This post sort of parallels the previous post I put up, “Love the music you play” because part of this takes place at the same time as the stuff in that post, and they both end up at the same point in time, which was when I started using game music as a tool to learn how to arrange, record, and produce covers.
Now, you guys have heard me talk a good bit about the piano now, and yet…my avatar is clearly playing the violin. What a way to misrepresent myself, right? Well, no, not exactly.
I started off on the piano, that’s true. Then, in 5th grade, I picked up the violin in school. My memory’s a little hazy, but if you’re interested in the story, this is pretty much how it went.
We were all rounded up one day and led to the music room. At my school, all students had to pick an instrument (though I think visual arts were also an option), and it could be whatever you wanted. Anything from strings to winds to brass to percussion. We were given some time out of the day to do a little exploring–give all the instruments a test drive, if you will.
At the time, I was pretty enthralled with the flute. I really wanted to play it, so I made a beeline for the wind instruments. Picked up a flute. And could not, for the life of me, get it to make any sound.
We were pretty much left to our own devices. Teachers weren’t really there to teach us how to play at this point. I think their role was more to observe and make sure we didn’t destroy the instruments.
After what was probably a while of trying and sucking balls at the flute–I think I got it to squeak a grand total of four times–I wandered around until I found the strings section. And…well, there ya go. 5th grade string ensemble is where I learned to play the violin.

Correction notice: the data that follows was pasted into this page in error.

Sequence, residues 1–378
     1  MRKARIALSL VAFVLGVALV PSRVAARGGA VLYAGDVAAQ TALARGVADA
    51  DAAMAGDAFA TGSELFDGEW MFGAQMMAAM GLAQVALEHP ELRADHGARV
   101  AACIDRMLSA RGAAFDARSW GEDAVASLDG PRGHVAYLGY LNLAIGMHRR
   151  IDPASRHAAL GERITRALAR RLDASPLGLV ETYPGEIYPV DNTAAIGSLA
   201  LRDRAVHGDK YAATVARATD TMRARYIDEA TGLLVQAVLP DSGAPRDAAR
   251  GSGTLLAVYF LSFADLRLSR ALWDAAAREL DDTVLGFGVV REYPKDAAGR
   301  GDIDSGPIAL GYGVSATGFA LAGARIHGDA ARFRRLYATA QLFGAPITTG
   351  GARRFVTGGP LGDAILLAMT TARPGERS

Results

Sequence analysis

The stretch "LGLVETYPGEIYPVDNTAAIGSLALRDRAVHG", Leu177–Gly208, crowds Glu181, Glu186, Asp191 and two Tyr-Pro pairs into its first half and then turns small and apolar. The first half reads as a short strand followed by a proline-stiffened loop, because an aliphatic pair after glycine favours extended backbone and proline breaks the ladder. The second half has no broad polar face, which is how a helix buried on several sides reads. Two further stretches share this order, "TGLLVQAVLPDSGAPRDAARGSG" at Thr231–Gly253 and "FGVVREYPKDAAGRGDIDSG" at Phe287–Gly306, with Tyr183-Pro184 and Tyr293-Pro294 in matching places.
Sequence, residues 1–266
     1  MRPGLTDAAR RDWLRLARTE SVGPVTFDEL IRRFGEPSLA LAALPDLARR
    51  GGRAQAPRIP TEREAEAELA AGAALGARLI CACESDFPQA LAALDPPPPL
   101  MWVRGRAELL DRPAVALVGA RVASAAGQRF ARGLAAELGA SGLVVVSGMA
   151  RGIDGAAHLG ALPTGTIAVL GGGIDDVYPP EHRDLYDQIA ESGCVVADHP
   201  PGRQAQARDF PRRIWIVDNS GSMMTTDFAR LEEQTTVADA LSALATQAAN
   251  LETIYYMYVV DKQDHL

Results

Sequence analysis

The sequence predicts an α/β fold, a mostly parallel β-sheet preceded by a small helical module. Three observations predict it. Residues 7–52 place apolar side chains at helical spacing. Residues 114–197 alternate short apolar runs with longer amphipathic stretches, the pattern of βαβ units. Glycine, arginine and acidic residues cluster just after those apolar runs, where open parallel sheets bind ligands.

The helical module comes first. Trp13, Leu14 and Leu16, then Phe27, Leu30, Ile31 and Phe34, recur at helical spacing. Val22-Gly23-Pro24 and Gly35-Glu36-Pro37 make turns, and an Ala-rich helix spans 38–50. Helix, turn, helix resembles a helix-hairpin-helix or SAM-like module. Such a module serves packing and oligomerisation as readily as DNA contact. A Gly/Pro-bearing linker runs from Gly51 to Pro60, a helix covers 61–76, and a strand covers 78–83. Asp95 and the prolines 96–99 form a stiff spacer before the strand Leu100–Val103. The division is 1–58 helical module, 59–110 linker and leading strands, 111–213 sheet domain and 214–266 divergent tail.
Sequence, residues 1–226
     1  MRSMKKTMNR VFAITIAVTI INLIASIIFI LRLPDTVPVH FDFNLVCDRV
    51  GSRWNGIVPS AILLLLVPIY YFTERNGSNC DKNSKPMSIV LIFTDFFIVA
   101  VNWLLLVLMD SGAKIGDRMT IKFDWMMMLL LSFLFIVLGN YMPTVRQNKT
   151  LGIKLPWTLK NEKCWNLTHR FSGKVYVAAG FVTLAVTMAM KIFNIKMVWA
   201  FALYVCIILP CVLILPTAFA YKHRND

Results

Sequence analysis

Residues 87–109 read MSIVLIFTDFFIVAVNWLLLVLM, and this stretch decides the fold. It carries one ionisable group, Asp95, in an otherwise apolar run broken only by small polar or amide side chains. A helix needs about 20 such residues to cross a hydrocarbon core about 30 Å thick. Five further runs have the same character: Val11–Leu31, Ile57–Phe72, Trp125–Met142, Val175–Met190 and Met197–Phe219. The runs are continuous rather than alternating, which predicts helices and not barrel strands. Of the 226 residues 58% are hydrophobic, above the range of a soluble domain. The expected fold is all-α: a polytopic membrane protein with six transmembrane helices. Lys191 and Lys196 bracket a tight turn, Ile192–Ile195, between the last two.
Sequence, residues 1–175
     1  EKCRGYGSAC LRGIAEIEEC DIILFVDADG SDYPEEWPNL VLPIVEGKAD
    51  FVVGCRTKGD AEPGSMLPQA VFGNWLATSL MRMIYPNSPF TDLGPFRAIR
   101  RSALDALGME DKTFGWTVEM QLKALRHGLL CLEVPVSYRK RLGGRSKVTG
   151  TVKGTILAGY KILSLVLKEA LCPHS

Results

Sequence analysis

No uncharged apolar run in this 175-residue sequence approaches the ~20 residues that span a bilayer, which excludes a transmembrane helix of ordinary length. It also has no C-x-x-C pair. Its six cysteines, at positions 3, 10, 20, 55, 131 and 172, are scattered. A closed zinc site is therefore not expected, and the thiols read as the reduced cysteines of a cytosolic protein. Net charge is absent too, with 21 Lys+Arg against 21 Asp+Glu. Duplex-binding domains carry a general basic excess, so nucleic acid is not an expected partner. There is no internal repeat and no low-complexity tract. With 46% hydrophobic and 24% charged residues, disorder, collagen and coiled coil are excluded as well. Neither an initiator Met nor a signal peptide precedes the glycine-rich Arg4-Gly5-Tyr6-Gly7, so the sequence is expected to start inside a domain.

Just like learning the piano, the beginning was painful. My neck and shoulder hurt from holding the instrument up. My fingers hurt from the strings. And I’d imagine my parents’ ears hurt from listening to my screeching.
Still, all through middle school and high school, I played in our school orchestras. Things weren’t quite as intense with the violin. Most of my violin-ing came from these large and small-ish group lessons. No Suzuki method, just whatever the orchestra instructors told us to play. Sometimes we’d have fun with songs from movies like Lord of the Rings, Harry Potter, Phantom of the Opera, and Indiana Jones, but generally, it was classical stuff.
For the most part, it was a time for me to hang out with my friends. It was a fun class overall, and there was extremely little pressure to do well. An easy A, in other words.
I took only three private lessons before deciding I’d rather not deal with lessons for both the violin and the piano, and I dropped private violin lessons. Epically stupid of me, but what’s done is done.
Once I graduated from high school, I didn’t touch the violin again for the next five years. This was my personal “dark ages” for music. Not a whole lot to say for this period, it’s pretty boring, music-wise. Anyway, once I’d found that spark for music again, I picked up the violin again shortly after returning to the piano. It was a lot of hard work to relearn it, and though my roommates at the time told me otherwise, I’m pretty sure my playing was atrocious.
I didn’t have my old orchestra sheets to learn from, and everything else I had was for the piano. My “practice sessions” came in the form of a YouTube play-along list that I put together. Anything I liked that sounded easy enough went on to this list. This probably isn’t the best approach to learn/re-learn an instrument since it doesn’t really include exercises that emphasize techniques, but eh…*shrugs* Gotta start somewhere.
Almost every day, I’d rush home from the lab and play. Gradually that playlist got longer and longer.
So began the road to music recovery, and to taking the next step…recording. More of that in the next music post!